VAL-2 OT:RR:CTF:VS H028000 CMR
Peter A. Quinter, Esq.
Becker & Poliakoff
P.O. Box 9057
Ft. Lauderdale, FL 33310-9057
RE: “Security tags” affixed to merchandise prior to importation; Effect on Transaction Value
Dear Mr. Quinter:
This is in response to your letter of May 7, 2008, and follow-up of May 22, 2008, requesting a ruling on behalf of your client, Atico International USA, Inc, regarding the effect on transaction value of the addition of “security tags” to merchandise prior to importation.
The security tags at issue are manufactured in the United States and purchased by the importer (buyer). The security tags are supplied to the seller by the importer at no charge. The seller affixes the security tags to the merchandise prior to shipment. The security tags are sensors that will trigger an alarm if merchandise is removed from a store without the tag being detached. The tags are normally attached to merchandise by means of an adhesive and are only temporary, i.e., the tags are removed or deactivated by a cashier at the time merchandise is purchased. The tags are discarded with the merchandise packaging.
In your letter of May 7, 2008, you state that the price of the merchandise is negotiated before the “security tags” are affixed and that the security tags are already included in the price actually paid or payable. However, in your letter of May 22, 2008, you state that “[t]he price of the product is the same with or without the security tag affixed to the package”, or the product, we assume. You claim “the manufacturer only affixes the security tag to the package, without there being any additional cost involved.”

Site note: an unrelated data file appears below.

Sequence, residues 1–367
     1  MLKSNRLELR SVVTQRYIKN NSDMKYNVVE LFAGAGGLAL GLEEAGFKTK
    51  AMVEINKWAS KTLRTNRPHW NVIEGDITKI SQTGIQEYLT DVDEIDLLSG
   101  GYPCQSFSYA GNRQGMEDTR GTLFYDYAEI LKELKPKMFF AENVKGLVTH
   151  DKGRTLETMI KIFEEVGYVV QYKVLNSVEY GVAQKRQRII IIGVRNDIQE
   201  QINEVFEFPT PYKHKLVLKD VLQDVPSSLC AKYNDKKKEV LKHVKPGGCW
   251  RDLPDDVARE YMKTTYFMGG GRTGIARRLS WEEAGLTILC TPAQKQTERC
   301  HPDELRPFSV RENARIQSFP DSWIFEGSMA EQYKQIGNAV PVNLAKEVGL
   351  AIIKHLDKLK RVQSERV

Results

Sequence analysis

Are the “security tags” additions to the price actually paid or payable under transaction value as packing costs?
LAW AND ANALYSIS:
Merchandise imported into the United States is appraised in accordance with section 402 of the Tariff Act of 1930, as amended by the Trade Agreements Act of 1979 (TAA) codified at 19 U.S.C. § 1401a. The preferred method of appraisement under the TAA is transaction value, defined as "the price actually paid or payable for the merchandise when sold for exportation to the United States," plus certain enumerated additions, including "the packing costs incurred by the buyer with respect to the imported merchandise." 19 U.S.C. § 1401a(b)(1)(A). Assuming transaction value is the appropriate basis of appraisement, packing costs constitute an addition to the price actually paid or payable. 19 U.S.C. 1401a(b)(1)(A).
In this regard, 19 U.S.C. § 1401a(h)(3) defines “packing costs” as:
. . . the cost of all containers and coverings of whatever nature and of packing, whether for labor or materials, used in placing merchandise in condition, packed ready for shipment to the United States.
See also 19 C.F.R. 152.102(e).
You submit that the price of the security tags are already included in the transaction value of the imported merchandise, however, you submitted no evidence of this and your statements are conflicting and do not support your assertion. You also argue that the security tags are not used in connection with the sale of the merchandise and do not meet the definition of an assist or a packing cost. In support of your position, you cite to Headquarters Ruling Letter (HQ) 545154, dated June 3, 1994, which dealt with the question of the inclusion of hang tags and price tickets in the transaction value of merchandise. In that ruling, the U.S. Customs Service (now, Customs and Border Protection (CBP)) affirmed the decision in HQ 544708 which held that price tickets and hang tags did not meet the definition of assists in 19 U.S.C. 1401a(h)(1)(A), but did “constitute packing costs within the meaning of section 402(h)(3).” See, HQ 545154. You cite to HQ 545154 in order to distinguish the security tags arguing that they are “not necessary for store display, they do not contain relevant information about the product itself for inventory, or any other purpose.”